NABOKV-L post 0015551, Sat, 6 Oct 2007 01:25:37 -0300

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Fw: [NABOKV-L] THOUGHTS re: Kinbote's academic discipline
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Jerry Friedman: (a) On Toothworth and Catskin: The paragraph Jansy quoted illustrates Shades' knowledge of scientific names, as well as his use of the academic "obtain" and technical terms for the local ecology...This sense of "obtain" appears in the New Shorter Oxford English Dictionary as "Be prevalent, customary, or established; subsist, hold good; be in force or in vogue"...I can easily imagine it in the stuffier kind of academic paper. I interpret Kinbote's quotation marks as meaning that Shade said it but Kinbote never would;
(b) On Kinbote's teaching: One striking fact is that Kinbote tells us nothing at all ... As Zembla doesn't exist, I think we can disregard Sylvia's comment...Brian Boyd sums up the evidence that Kinbote teaches Scandinavian Studies (...) He adds that Kinbote probably did arrive (not by parachute) in the previous October... Was Kinbote a professor of Russian when he knew Shade?A thousand times no, but a few times yes.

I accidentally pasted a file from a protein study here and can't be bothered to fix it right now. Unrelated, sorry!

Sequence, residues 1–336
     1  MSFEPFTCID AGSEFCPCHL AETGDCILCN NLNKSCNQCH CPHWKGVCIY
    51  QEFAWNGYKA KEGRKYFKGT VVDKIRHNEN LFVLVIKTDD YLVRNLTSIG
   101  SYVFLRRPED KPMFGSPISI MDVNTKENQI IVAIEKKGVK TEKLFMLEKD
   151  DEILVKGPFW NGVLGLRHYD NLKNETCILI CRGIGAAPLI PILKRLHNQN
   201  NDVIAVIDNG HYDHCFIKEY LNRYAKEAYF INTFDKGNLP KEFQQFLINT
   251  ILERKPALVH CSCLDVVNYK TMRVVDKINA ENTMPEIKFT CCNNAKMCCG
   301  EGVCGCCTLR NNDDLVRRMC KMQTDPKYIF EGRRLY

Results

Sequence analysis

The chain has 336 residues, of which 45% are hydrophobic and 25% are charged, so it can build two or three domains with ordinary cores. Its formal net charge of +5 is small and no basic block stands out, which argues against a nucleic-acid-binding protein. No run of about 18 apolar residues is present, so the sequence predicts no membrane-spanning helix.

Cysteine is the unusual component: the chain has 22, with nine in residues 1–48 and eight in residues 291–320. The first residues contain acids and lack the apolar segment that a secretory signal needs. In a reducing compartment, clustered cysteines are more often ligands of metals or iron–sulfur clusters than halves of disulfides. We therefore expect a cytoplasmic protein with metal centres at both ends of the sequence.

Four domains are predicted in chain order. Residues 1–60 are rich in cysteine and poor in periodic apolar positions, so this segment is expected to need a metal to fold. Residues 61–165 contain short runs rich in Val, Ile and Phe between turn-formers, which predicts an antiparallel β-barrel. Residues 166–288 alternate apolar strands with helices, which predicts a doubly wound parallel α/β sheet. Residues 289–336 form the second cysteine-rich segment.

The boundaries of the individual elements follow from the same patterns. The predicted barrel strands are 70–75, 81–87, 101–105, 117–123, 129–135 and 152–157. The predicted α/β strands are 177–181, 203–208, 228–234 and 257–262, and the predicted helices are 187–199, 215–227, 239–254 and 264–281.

Thank you for the clarification on "that obtained" and that it also demonstrates Shade's famimliarity with scientific jargon. And yet the sentence still sounds clumsy to my foreign ears:
CK holds: "He never tired of illustrating ...the extraordinary blend of Canadian Zone and Austral Zone that "obtained," as he put it, in that particular spot (... a long sentence...).northern species of birds, etc"

Shade must have also studied insects from very close:A dark Vanessa with a crimson band is not a description anyone unfamiliar with butterflies could have written looking at the garden from his porch, and I imagine that Shade might have also worked on the "toothworths" long before he used them in his poem.

When Shade wrote: "I'm reasonably sure that we survive/ And that my darling somewhere is alive" (978/9) and a few lines afterwards he added: "... the year I married you./ Where are you? In the garden. I can see.." Wouldn't it be more natural if, should "my darling" mean Hazel, to have written "our darling"?

(b) Is the expression "to arrive, to drop by parachute" also used figuratively in English ( i.e, to attain a covetted post not by merit but through someone else's powerful intervention)?

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